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Department 64 - Pyrenees Atlantiques

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Romanesque churches and cathedrals in south-west France updated: Romanesque churches and cathedrals in south-west France

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the fire at the cathedral of Notre-Dame de Paris
the fire at the cathedral of Notre-Dame de Paris
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Stone tracery in church and cathedral construction illustrated
stone in church and cathedral construction

stained glass and cathedrals in Normandy illustrated graph

fortified churches, mostly in Les Landes

cathedral labyrinths and mazes in France
using metal in gothic cathedral construction

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on first arriving in France - driving
France is not England
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Transbordeur bridges in France and the world 2: focus on Portugalete, Chicago, Rochefort-Martrou
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France’s western isles: Ile de Ré
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Marianne - a French national symbol, with French definitive stamps

la Belle Epoque
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the French umbrella & Aurillac

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the forest as seen by Francois Mauriac, and today
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roundabout art of Les Landes

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country life in France: the poultry fair

what a hair cut! m & french pop/rock

Tour de France 2023s

Le Tour de France: cycling tactics illustrated

marker at france’s provinces, regions and departments

other documents on Pyrenees Atlantiques

marker at
the department of pyrénées-atlantiques
the basque provinces
marker at end notes



france’s provinces, regions and departments

France is far more diversified than Britain, and its politics are far more devolved. Both countries have approximately the same population; Britain has about 1,000 politicians, and the ones with any serious power are all in the central parliament.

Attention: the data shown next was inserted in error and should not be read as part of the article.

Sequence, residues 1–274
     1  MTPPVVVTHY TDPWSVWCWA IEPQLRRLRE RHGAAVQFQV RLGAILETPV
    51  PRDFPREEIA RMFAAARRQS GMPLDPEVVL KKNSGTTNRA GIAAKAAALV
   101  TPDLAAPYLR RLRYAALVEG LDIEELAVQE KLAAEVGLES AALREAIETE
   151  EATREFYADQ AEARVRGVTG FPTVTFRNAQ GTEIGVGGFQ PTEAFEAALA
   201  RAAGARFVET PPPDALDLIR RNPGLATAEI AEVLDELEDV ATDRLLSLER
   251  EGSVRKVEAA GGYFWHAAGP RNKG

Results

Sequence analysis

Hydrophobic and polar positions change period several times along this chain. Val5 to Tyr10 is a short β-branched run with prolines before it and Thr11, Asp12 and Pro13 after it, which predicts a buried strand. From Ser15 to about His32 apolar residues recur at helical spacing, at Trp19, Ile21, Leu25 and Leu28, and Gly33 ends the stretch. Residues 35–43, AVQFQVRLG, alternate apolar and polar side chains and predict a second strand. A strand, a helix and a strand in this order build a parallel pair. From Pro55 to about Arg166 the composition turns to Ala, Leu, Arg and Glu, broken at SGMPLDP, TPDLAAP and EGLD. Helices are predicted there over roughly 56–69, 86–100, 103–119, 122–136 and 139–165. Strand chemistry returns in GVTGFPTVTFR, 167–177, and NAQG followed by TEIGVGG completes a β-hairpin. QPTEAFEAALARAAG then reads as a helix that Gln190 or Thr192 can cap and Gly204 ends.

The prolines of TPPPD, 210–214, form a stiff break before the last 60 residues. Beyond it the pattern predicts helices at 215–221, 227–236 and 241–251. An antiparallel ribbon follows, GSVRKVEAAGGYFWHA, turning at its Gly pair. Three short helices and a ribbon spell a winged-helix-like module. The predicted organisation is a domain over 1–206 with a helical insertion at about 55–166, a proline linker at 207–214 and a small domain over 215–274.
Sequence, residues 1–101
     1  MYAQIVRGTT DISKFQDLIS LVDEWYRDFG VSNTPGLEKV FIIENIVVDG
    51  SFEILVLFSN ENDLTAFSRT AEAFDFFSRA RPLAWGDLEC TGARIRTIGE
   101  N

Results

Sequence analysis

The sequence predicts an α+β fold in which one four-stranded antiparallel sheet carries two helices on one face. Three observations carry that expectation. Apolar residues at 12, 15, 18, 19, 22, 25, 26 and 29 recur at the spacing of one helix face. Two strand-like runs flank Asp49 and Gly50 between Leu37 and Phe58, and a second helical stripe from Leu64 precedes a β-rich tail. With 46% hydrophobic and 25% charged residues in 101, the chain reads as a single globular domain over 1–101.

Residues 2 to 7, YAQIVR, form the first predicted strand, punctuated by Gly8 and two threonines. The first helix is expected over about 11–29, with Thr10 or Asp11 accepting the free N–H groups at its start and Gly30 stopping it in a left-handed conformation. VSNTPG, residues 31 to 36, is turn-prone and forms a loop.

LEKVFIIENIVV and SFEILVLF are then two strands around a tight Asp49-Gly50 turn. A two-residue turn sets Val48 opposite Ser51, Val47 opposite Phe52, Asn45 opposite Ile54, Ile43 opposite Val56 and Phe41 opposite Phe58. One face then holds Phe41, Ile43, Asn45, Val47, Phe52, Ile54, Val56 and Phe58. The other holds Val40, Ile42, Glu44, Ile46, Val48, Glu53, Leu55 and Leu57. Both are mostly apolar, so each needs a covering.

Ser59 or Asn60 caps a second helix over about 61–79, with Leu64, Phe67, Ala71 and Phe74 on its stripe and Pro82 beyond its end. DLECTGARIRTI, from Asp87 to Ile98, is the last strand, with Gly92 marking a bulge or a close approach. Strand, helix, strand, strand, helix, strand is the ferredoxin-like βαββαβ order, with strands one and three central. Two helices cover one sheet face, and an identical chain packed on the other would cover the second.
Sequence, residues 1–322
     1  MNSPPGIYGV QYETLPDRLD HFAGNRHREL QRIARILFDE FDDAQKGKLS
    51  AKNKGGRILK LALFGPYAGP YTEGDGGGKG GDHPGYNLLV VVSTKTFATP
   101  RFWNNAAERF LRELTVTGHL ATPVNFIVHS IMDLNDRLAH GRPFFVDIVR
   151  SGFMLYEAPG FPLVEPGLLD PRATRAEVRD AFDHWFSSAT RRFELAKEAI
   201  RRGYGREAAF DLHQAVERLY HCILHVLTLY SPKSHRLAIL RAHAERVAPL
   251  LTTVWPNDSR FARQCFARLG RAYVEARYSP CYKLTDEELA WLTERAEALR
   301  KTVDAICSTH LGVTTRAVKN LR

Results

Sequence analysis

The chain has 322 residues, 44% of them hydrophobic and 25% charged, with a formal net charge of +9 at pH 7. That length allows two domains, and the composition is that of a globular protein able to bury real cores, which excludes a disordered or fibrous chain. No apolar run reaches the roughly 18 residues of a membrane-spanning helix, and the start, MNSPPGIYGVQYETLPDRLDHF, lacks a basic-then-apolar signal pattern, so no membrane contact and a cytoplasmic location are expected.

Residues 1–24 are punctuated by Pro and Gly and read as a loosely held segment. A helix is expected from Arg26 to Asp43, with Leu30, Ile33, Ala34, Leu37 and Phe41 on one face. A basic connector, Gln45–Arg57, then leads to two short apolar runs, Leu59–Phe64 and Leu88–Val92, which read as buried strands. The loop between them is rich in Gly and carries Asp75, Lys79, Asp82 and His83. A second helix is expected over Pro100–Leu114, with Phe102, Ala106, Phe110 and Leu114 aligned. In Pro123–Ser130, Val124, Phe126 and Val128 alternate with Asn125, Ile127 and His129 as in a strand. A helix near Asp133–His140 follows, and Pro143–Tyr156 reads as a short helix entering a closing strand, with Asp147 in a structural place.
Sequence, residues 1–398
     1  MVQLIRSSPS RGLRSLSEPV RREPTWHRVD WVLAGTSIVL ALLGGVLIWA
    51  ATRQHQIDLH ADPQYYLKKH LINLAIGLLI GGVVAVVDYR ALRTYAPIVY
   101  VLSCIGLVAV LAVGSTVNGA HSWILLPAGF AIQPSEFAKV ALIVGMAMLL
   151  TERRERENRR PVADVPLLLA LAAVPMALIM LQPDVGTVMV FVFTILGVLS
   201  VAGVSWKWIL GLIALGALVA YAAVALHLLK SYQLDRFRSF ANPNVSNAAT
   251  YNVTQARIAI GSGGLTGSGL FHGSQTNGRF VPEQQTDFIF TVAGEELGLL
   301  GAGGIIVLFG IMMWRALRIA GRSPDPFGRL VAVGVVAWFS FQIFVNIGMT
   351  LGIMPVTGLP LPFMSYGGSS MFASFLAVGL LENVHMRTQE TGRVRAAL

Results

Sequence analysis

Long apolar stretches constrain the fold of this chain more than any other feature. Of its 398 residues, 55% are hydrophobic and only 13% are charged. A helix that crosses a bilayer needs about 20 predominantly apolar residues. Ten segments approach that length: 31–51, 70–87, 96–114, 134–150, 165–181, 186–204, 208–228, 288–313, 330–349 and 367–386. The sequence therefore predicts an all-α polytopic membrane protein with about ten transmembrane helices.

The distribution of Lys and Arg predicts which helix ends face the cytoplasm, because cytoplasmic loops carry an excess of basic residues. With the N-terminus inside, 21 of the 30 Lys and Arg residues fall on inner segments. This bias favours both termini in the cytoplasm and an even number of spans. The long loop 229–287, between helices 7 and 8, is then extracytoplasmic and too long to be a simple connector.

France has more than 500,000 elected officials. In France, the power (and the taxation) strata go down through at least four levels - State, Region, Département and Commune. (There are also other levels such as Canton.) At times, tax bills will indicate how much is paid to each level. Even each local village commune decides on its expenditure priorities, runs its own local fêtes (street parties) and decides which kind of lamp-posts to have, and when, or if, they are going to fix the potholes.

The Regions of Republican France
The Regions of Republican France

This results in the Departments around France building their own idiosyncratic cultures and trying to to make their cheese, wine or umbrellas famous throughout the whole country.

France's provinces under the Old Regime. Béarn
France’s provinces under the Old Regime

Napoleon and his ardent Republicans did much to attempt to break up the old provinces, such as Gasconny or Bearn, with their ancient loyalties, welding disparate areas into the new departments and regions that make up the one nation state that is France. This is an endeavour that has only been partially successful.

Poster advartising Basque dancing and singing.

the department of pyrénées-atlantiques

As with most French Departments, Pyrénées-atlantiques (Dept 64) has its own character. Pyrénées-atlantiques is one of the three Basque provinces in France - Labourd, Basse Navarre and Soule. The Basque Region, Pays Basque, Euskal Herria, comprises seven provinces, four of which, generally larger provinces, are across the Pyrenees in Spain - Alava, Viscaya, Guipuzcoa, and Navarra. There is a strong Basque agitation for Basque independence and the separate Basque language is still fairly widely spoken. Now that Northern Ireland is increasingly integrated into the rest of Ireland, the Basque independence movement is probably the strongest separatist movement in Europe, with occasional violent hassle.

The seven provinces of Pays Basque.